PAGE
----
The Dillon Tribune (Dillon, Mont.) 1881-1941, July 31, 1941, Image 4

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m m . PAÖE FO U I 7 THE DILLON T R l ÍU Ñ ¿ ¿ D I S X Q I^ ^ O N T A Íl ^ l m lULY ri, I 94 K - V ” . ...\ j - / / ./ / HE DILLON TRIBUNE . Published Every Thursday by ' ^ THE TRIBUNE PUBLISHING COMPANY Albert Erickson, Publisher Subscription Rates x In Advance One Year . ......... -••-• .......... . .................. ...............$2.00 Six Months ......... .,......'.— ................... 1.0P Three Months . .......... .....—.— ........ . ............ . .50 \ , -v / . • ■ , Estered u second class matter June 12, 1886, at the postoffice at Dillon. Montana,' under the act of March 8, 1871. 9 National AdvçrUslng Repreeentatíve The Amari««» Presa * \ Telephone 06 ■WB o v m u m m M x - r m m â A M E R IC A N S a n d t h e a i r ; FIRST TO FLV A PLA N E ] | F IRST TO SPAN AN OCEAN I ‘ ■\ V.. “H I T — i ----- : --------- th e w r / g h t s DEC. /p 0 3 . l l P ' l l FIR S T TO C R O S S A PO L E LOOKING BACKWARD Interesting stories taken from old files of Tribune — 50 YEARS AGO-— . (From the Tribune Aug. 21, 1891) Horse Prairie can boast of a dozen families and four grades of society. “What fools we mortals be.” Mr. Burnett’s hay self loader is causing great' excitement during haying as it will unload a load of hay in five minutes. Jay Gould passed through this cjty going north, Sunday morning. While his party was small, consist­ ing of only his son and daughter, and Mr. and\ Mrs. S. H. H. Clark. D. W. Hitchcock, general passenger agent stationed at San Francisco, and Mr. Thurston, attorney for the Union Pacific at Omaha, they trav­ eled in a special train, consisting of four Pullman coaches and a . bag­ gage car. Mr. Gould stepped out on the platform of the second Pullman and gave the assembled crowd the opportunity it wanted, that of crit­ ically inspecting the lime man of many millions. Gould is slight in stature, stoops a little and his face is almost * entirely covered with a heavy beard, which mixed with grey. Several of his company’s box cars were side track­ ed betwee’n his train and the city, intercepting his view, so that he could not see what a really hand­ some little city we have and judge for himself how much more advan- <i tageous it would be for his com­ pany to have the shops located in Dillon instead of 40 miles down the road. HOW GOES THE WORLD? BY. AUSTIN CONOVER — 40 YEAR5 AGO — (From the Tribune Aug. 16, .1901) The past week was the liveliest of the season in the wool market. Twelve!large shipments went out and save foir one lot of 25,000 pounds the wool warehouse .is empty. The last bar went out Tuesday and made the fiftieth carload shippeG from Dillon this season. Sunday’s Standard contained a special from Virginia City telling about the suicide of Charles Flynn, who was associated with Dan Calla­ han in tj$e blacksmithing business in Dillon a jjfew years ago. The dis­ patch skye: “A shocking case of suicide at Bryant’s ranch, in the up­ per Ruby | valley at 10:30 this morn­ ing. Charles Flynn shot himself twice with a shotgun, the first time BATTLE OF GERMANY —, Does Hitler dream these nights as the flower of his army presses east­ ward against aft enemy still capable of dogged resistance and occasional counter-attacks? Does he wake to wonder if, despite his past successes, lie has not this timp made some fatal miscalulation ? For neariy two years the Reichs- fuehrer has been the master strate­ gist. The battles of Poland, Norway, France. Britain and Greece have rep­ resented to a large degree his cnoice of time, place and weapons. This al­ so applies to the gigantic land bat­ tle now in progress, the Battle of Russia. But at last, we begin to hear about' a battle that Hitler didn't plan to fight. It is the Battle of Germany. The industrial centers of the Rhineland upon which Hitler’s army depends for supplies are being blast­ ed day after day by the Royal Air Force. The great seaports of Ham-, is plentifully J ^urg and Bremen as well as Dutch and French coastal cities where Ger­ man raiders are kept ¿are being bombed by explosives ranging from 1,000 to 4,000 pounds. According to a foreign military observer1 who has reached Ankara from Germany, there has been a per­ ceptible deterioration of German mor­ ale. With American production growing by leaps and bounds, the Germans are'likely to receive in increasingly larger. doses the kind of punishment which they have so often given others. But until they have tasked the full horrors of war, they will not realize entirely that the whole world is the implacable enemy of Hitler’s Reich. * * * BLONDES FOR DEFENSE —The fate of armies, of ships at sea, of aerial battalions may hang by a wisp of hair. Sounds ridiculous, does it? Then summon up, if you will, the ghost of Napoleon and he’ll tell you just how important it is to know what kind of Weather there will be. I t was the unexpected snow in Russia and the thunderstorm at Waterloo that proved his undoing. Today the weather plays an im­ portant part. Army fliers, artillery experts and generals must reckon '/> ¥ U.S.NAVV SEAPLANE NC4 MAY i$t$. COMMANDER BYRD MAY f J Z 6 THE FASTEST MILITARY PLANES TODAY 1 9 + 1 VULTEE VANGUARDS 4 0 0 M R H . /p * / LOCKHEED FL3Ô& 4 0 4 M JÌH. S O U R CIVIL AVIATION HAS B E E N A LABORATORY '§ AND A TRAINING SCHOOL - 463 M ILLIO N M I L E S ^ FLOWN IN ONE Y EAR BY ClVIL P L A N E S , U ' >■ fO.* ? t \ V , ^ J Í » . lit Jí. ° Dillon, Montana SERVING THIS COMMUNITY SINCE 1880 Affiliated witli Northwest Ban corporation 4 MEMBER OF FEDERAL DEPOSIT INSURANCE CORPORATION ♦♦♦♦♦♦♦♦♦♦♦♦♦♦♦♦♦♦»♦♦♦♦♦»»♦♦♦♦♦♦♦♦♦♦♦♦♦♦♦♦♦♦♦♦♦♦»♦♦♦c IS I T ANY WONDER THAT FOR I T S ARM Y AND NAVY TH E PEOPLE AND INDUSTRY OF THE US. CAN BUILD AND MAN TH E BIGGEST. F IN E S T A IR F O R C E IN THE WORLD ? to take their places. The iron hand of the Gestapo has done its worst to crush Norse resis­ tance. But even Heinrich Himmler has not been any too successful. According tb last week’s report, German troops in the vicinity of Bergen mutinied and killed several of their officers. Of all the countries in which Great Britain has spread her \V for Vic­ tory” campaign, Norway has been most receptive. With fearless deter­ mination, Norwegians scrawl the let­ ter “V” on buildings. They rap three dots and a dash (the Morse code for “V”) on cafe tables. Over and o\^r again they play Beethoven’s “Fifth Symphony\ which begins with three short beats and a long one. ' Under the excuse of a shortage of workers, compulsory labor has now been decreed throughout Norway, But it will profit Hitler little. Nor­ wegian exports to the Reich steadily decline. The population ingeniously keeps production down so that n§w supplies fail to materialize. Hitler reaps only problems from this land he has overrun. * * * MURDER IN SIBERIA—Probably ' there are many headstones graven ¡with the names of famous men' ¿¿d ' women who do not lie beneath in the shoulder, the second time in the heart. Flynn was despondent be- with' hmuMity^As” a result of’ fhe cause of the condition of his wife, with whom he wanted to go to California, but was-unable to do so “ because of an operation in surgery which she recently underwent. Fi­ nancial conditions were also a fac­ tor.” Dillon and Twin Bridges crossed bats last Sunday with the usual re­ sult; Dillon won an easy victory. But the fact is that Dillon did not play Twin Bridges, they played' a team selected”by Twin Bridges in whose' lineup were players from Helena, Boulder and Butte. — 30 YEARS AGO — (From the Tribune July 28, 1911) The report of Assessor Holden to the state board of equalization shows the following facts regarding prop­ erty in ; Beaverhead county: Farm lands valued at $2,339,297; city and town lots, $954,254; mining property, $30,498; 116 thoroughbred' horses, $29,405; 7,276 range horses and young stock, $256,025; 3,781 work­ horses and mules, $230,867; 5,116 beef steers, $204,515, and 21,938 cows are worth $421,627.'' H.‘ Andrus and wife came in from their ranch in Sheep Creek canyon, ¡Monday to see the monkey make the balloon ascension. The lease on the present quarters -of th& Dillon post office expires the first of the year, and the depart­ ments will shortly advertise for bids fqr..a «.suitable location or building. .Bond ■ and! Bond, the well ■ known cash grocers on Helena street, will dissolve,, partnership the first of the month. Cliff Bond will enter the lifestqck-industry on- rather a large work that meteorologists have been doing for years, the Germans were able to invade Poland and the Neth­ erlands at a time when mud would not slow down their advance. One of the most important instru­ ments in the hands of military and commercial weather bureaus is the weather recorder. Some of these are sent out in balloons that wireless back how wet or now dry it is any­ where up to an altitude of 12 miles. The basis of this instrument is a strand' or several strands of blonde hair. It seems that only blonde hair will do. This is because it is especially sensitive to humidity. Scandinavian hair, the blondest and longest of all, is still not available. Now, the Am­ erican fair-haired glamour girl can set an excellent example of patriot­ ism. She can send her locks to the President. * * * NO NAZIS FOR NORWAY T If Great Britain were to launch an in­ vasion of Europe tomorrow, she would find her chances brightest in Norway. There Is no “Vichy” gov­ ernment there. The‘puppet Quislings have , failed. All but three of the country’s 18 provincial governors have resigned rather than obey the orders of a foreign master. And those three - only remain nominally In office because they are under ar­ rest and the Nazis can find no one scale, and after a dissolution sale has -.been, completed,: AH w;*Bohd ini tends; to;, restock-the ;store' and\con* tinue in business.; ---.«m 'r : i Perhaps peasants of humblest blood sleep in royal vaults. Recently the . question was raised as to the rest­ ing place of the late Czar Nicholas II. ! The fate of this last czar of all the Russians is fairly well settled. He and his family were murdered in cold blood by the Bolsheviks at j Ekaterinburg d'eep ill the wild forest of Siberia on the night of July 16, 1918. | But were the ashes of Nicholas II and his family spirited to Harbin in an old box on which the staff of the American consul general kicked their feet to keep warm, Do they 1 rest now in the vaults of the Bank 'of England in London? General | Pierre Janin, who knew the czar well, tells that interesting story. | The Encyclopaedia B ritannica, however, declares that the bodies of 'the Romanoffs were soaked with petroleum and set afire. Only a few objects of apparel remained. ^ The Grand' Duchess Anastasia, one of the czar’s daughters, was said to have escaped. And rumor has given rise to many more questions of iden­ tity. In Louisiana whole counties be­ lieve that Marshal Ney eluded the firing squad and died ih a bed near New Orleans. Some contend' that Wilkes Booth wlio murdereu Lincoln lived to a ripe old age in Oklahoma. To this category of mysteries go such questions as that raised bÿ. thé story of General Janin. * * * ISLAND OF FREEDOM — This week: marks an ancient and hoble anniversary of the Swiss Conféà-. eracy. Éxactiy 650 years Ago men in certain' Alpine valleys formed a league and swore to stand always together. 'Since then' they have had io fïght ïriitèy ^ l i v a d b r . — - *‘f 1 Although tKfey^fiûîîày: mâlntidii tiieir independence, it is not without great sacrifice. Only recently they conclud­ ed an agreement with Hitler where­ by they exchange cattle, fruit and milk products for sugar, potatoes and fertilizer. They also agree to keep open the railroad line between Germany and Italy as this is the main avenue between the two coun­ tries. (The Brenner pass routé is small). There is a lesson, for Americans in the 650 years of independence which Switzerland has enjoyed’. These peo­ ple really know what unity means. They have had to overcome differ­ ences of blood, , religion, inherent traditions and language. But from the start they realized that unless they were united, vigilant and dis­ ciplined, ' wars raging all around them would’ come rushing uirough their mountain passes. Military service is compulsory. And today every man until he reaches the age of 60 must keep him­ self fit and ready for army duty. At present the Swiss are spending $1,- 000,000 a day on defenses. That Is almost incredible for a country of only 6,000,000 population. Certainly Switzerland’s willingness to bear these sacrifices unflinchingly is a remarkable demonstration of one ! - .. . , nation’s love for freedom. INVISIBLE SERVANTS — T h e United States with seven per cent of the world’s population uses 33 per cent of the world’s output of electric power. Yet, with more electricity than Germany, Italy and England combined, we are nearing a power shortage. There is a distinct possi­ bility that electric current for dom­ estic purposes may shortly have to be rationed in some localities. Twenty-four years ago this nation as a whole went on daylight saving time to conserve its electric power. Since then America’s capacity for generating electricity has more than tripled. But this has been more than offset by the steady expansion in'the consumption of electricity in homes, .due probably to the growing use pf electric refrigerators and’ other elec­ trical appliances. Moreover, the science of electro­ metallurgy and electrochemistry has made enormous strides. Both pf these sciences are used in the mak­ ing of aluminum wnich has become a' product vital to national defense. To. reduce, that metal from bauxite vast quantities of electric power are needed. So, more and more, the chief ser­ vants of American factories and homes are the electrons that whizz along a copper wire. And What bet­ ter servants could’ we ask to have? They are invisible, faster than sight, and seemingly inexhaustible. f “ TEN TEAMS SIGNED FOR TOURNAMENT (Continued from Page One) last two games. For the winners Scully led the hitting attack, but Chumrau stole the .show when he accidentally passed one of his own team mates while attempting to stretch a hit. Safeway turned on their close ri- i>al. the Fire Dept., and snowed them under to the tune of 17 to two In Thursday’s opener on the softball field., Lou Larsen and Dick Evans were the “Big Berthas” for the prune packers while Glen Walters of the smoke eaters held his own in the big six witli two hits out of three times at bat. McGovern starred on the mound for Safeway. Winn’s avenged their defeat of two week’s ago at the hand's of G. Chism and company when they knocked over Gleed's 14 to four in the night cap. Watkins worked hard under heat from his friends, ¡the fans,« and turned in a ' four-hit performance. Wedum, Bradley and Watkins led the hitting for the blue and gold while Clarke got two of the Gleed’s four hits. Eliel’s dumped Winn’s 12 to 1 Tues­ day in the feature half of a double- header to become undisputed second round champions in Dillon softball association standings. I t was the 9th straight victory for the clothing men, and although they must face Gleed’s Thursday, no other outfit can match their record whether or not they drop that encounter. Fire Depart­ ment nosed out Pheasant-Mirror 3 to 2 in an exceptionally well played game. Although Elieis managed a safe margin throughout, no òhe present felt that the contest was settled until the final putout, so great was the rivalry between the clubs. Eliel’s jumped into a three run lead in the first, and from there on in were never headed'. The winners added one\ in the‘fourth, a pair in the fifth and three each in the sixth and seventh. Winn’s lone counter came In the sec­ ond when Monger doubled, stole third and came home on a fielder’s choice. Farrell gave up only four safe blows, while Twirlers Vandegrift and Watkins allowed 13, including seven doubles and a triple. The evening's opener saw E. Sor­ enson and C. Johnson hook up in a brilliant hurling duel with the latter coming through to give up only two safe clouts. Sorenson allowed only five but his opposition was a bit stiff. Score by innings R H E Pheas-Mir .......... 200 000 0—2 2 1 Fire Dept. ........100 200 x—3 5 2 E. Sorenson and Dodge. C. John­ son and Lloyd. Winn’s ...........010 000 0— 1 4 L E G A L S ¡NOTICE JOF PROBATE OF WILL |IN THE DISTRICT COURT OF THE FIFTH JUDICIAL DISTRICT OF THE STATE OF MONTANA, IN AND FOR THE COUNTY OF BEAVERHEAD IN THE MATTER OF THE ES­ TATE OF SABINA EIGHORN, De­ ceased. Pursuant to an order of said Court, made on the 24th day of July, 1941, notice Is hereby given, that Satur­ day, the 16th day or August, 1941 at 10 o’clock A. M. of said day, at the court room of said Court, at the Court House in the County of Beav­ erhead, has been appointed as the time and place for proving the Will of said Sabina Eighom, deceased, and for hearing the application of George Eighom, Jr., for the issuance to him of Letters Testamentary when and where any person interested may appear and contest the same. Dated July 24th, 1941. NORMAN GILES, 31-33 Clerk. SUMMONS IN THE DISTRICT COURT OF THE FIFTH JUDICIAL DISTRICT OF THE STATE OF MONTANA, IN AND FOR THÈ COUNTY OF BEAVERHEAD ANNABEL BURWELL, Plaintiff, vs. HUGH BURWÈLL, Defendant. The State of Montana To the Ahove Named Defendant: You are hereby summoned to an­ swer the complaint in this action which is filed in the office of the Clerk of this Court, a copy of which is hereby served upon you, and to file your answer and serve a copy thereof upon the plaintiff’s attorney within twenty days after the service of this summons, exclusive of the day of service; and in case of your failure to appear or answer, judg­ ment will be taken against you by default, for the relief demanded in the complaint. This action is maintained by the plaintiff for the purpose of securing a divorce from the defendant on the ground that the defendant for more than one (1) year last past has failed' to provide for the plaintiff the common necessaries of life and dur­ ing said time, he having the ability to do so, in that he was able1 to earn and has been earning sufficient for said purpose. WITNESS MY HAND and the seal of this Court this 16th day of July, 1941. NORMAN GILES, (SEAL) Clerk. J. E. Kelly, Atorney for Plaintiff, Dillon, Montana. 29-32 SUMMONS FOR PUBLICATION IN THE DISTRICT COURT OF T H E FIFTH JUDICIAL DIS­ TRICT, OF THE STATE OF MONTANA, IN AND FOR THE COUNTY OF BEAVERHEAD. NAOMI HADEN, Plaintiff, ’ vs. ROBERT HADEN,-Defendant. The State of Montana, to the Above-named Defendant: You are hereby summoned to ans­ wer the complaiftt' in\ 'thls action which is filed * ill the office of the Clerk of this Court, a copy of which is herewith served upon you, and to file your answer and serve a copy thereof' upon the plaintiff’s attorney within twenty days after the service of this summons, exclusive of the day of service; and in case of your 8 ‘failure to appear or answer, judg- EUel’s ...... . .....300 123 3—12 13 6 Watkiqs, Vandegrift and Fair­ banks. Farrell and Bayerd. ¡Umpired: Ross, Sanner, George and Farmer. PRELIMINARY BUDGET SHOWS $6,000 CLIMB. (Continued from Page One) $4,828,692 while the proposed budget for the coming year gives $5,050,898. The board of county commissioners will meet Aug. l l as a final board j of equalization, a board of final budget and board of tax levy. GOPHER.SQUEAK— Valier, M ont, July 25— (U.P.)— Archie Idso’s car was running all right but his motor'had' a squeak In it. So he took it \to .a garage for a checkup. * The'mii£hanic: h st& ’&T t<T the mo- to r , ; i t f i ^ m ',Iiddd,il^ i a ^ J t i m p e d ; the squeak—a large gopheri-' WE WUZ ROBBED!— A news story walked right into the Tribune office Saturday night but no one was present to write it. Local-police authorities called W. G. Squires, composing room foreman at the Tribune about 3:30 a. m. Sunday and reported that the back door was ajar. Mr. Squires hurried down, but found, that aporently everything was in order. Investigation Monday, how­ ever, revealed that $2 worth of pennies were taken from the cash drawer. Evidently the prowler be- camp soft hearted for two peonies were left In the till. For same, we say thank». ; ’ Mfs. Ras Hansen was. released from Barrett hospital Wednesday co^ e i^ fróm an attack cff ^ottéd fòVÒr? She wififtamain a t ’íthé ’táuis B¿y :honÍA Íofsá hbfoiíí turning 'ment will be taken against you by default, for the relief demanded in the complaint. This action is brought for the pur­ pose of obtaining a decree of the above-entitled Court dissolving the bonds of matrimony heretofore and now existing between plaintiff and ¡defendant; and is based upon the ¡following grounds, to-wit: That de- ! fendant for more than one year last past has wilfully neglected to pro­ vide for plaintiff the common nec­ essaries of life, because of his idle­ ness, profligacy and dissipation. WITNESS my hand and the seal of said Court this 3rd day of July, A. D. 1941. NORMAN GILES, Clerk. Leonard A. Schulz, Attorney for Plaintiff, Dillon, Montana. > 28-31 NOTICE TO CREDITORS IN THE DISTRICT COURT OF THE FIFTH, JUDICIAL DISTRICT OF THE STATE. OF MONTANA, IN AND FOR THE COUNTY OF BEAVERHEAD IN THE MATTER OF THE ES­ TATE OF ARCHIE BARR, Deceased. Estate bf Archie Barr, Deceased. ; Notice is hereby given by the un­ dersigned administratrix of the es­ tate b f Archie Barr, deceased^ to the creditor» of and all persons having claims against the said deceased, to exhibit them, with thé necessary vouchers,.within four months, after the first publication of this notice, to the said Administratrix at the law office of Theodore F. McFadden, Telephone Building, Dillon, Montana, the same being the place for the transaction ; o f the busiaessof said estate, In the Qounty of Beayetoad, State bf Montana. : ’• ; ' * » ’ PEIARL RABR, Adnilhistr&trlx of the E stste of Arphle Bair; Deceased. • ; Dated a t Dillon, Montana», this 9th. iday o f July, 1941: ^ 28-31 ...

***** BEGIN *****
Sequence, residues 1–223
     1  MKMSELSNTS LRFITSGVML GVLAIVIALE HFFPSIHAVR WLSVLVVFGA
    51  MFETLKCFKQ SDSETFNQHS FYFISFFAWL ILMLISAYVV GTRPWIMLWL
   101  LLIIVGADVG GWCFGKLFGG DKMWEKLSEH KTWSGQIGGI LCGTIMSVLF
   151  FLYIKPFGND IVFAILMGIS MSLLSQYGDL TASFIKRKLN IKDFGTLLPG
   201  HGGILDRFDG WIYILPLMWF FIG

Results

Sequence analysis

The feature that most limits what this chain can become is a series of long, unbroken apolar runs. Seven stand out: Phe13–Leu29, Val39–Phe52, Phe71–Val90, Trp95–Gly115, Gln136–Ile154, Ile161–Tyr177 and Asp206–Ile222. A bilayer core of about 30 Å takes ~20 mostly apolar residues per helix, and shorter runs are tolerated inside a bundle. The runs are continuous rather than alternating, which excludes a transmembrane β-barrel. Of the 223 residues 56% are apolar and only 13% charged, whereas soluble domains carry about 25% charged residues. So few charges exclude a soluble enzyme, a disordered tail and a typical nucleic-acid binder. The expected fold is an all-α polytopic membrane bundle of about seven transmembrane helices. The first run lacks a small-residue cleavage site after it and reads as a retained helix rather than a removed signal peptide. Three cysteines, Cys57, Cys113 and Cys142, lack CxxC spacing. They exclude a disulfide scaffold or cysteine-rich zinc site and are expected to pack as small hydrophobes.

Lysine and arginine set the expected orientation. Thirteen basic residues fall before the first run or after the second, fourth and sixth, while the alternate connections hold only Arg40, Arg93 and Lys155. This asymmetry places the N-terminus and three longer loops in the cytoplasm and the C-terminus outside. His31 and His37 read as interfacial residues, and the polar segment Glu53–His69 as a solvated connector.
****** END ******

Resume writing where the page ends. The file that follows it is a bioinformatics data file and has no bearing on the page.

The Dillon Tribune (Dillon, Mont.), 31 July 1941, located at <>, image provided by MONTANA NEWSPAPERS, Montana Historical Society, Helena, Montana.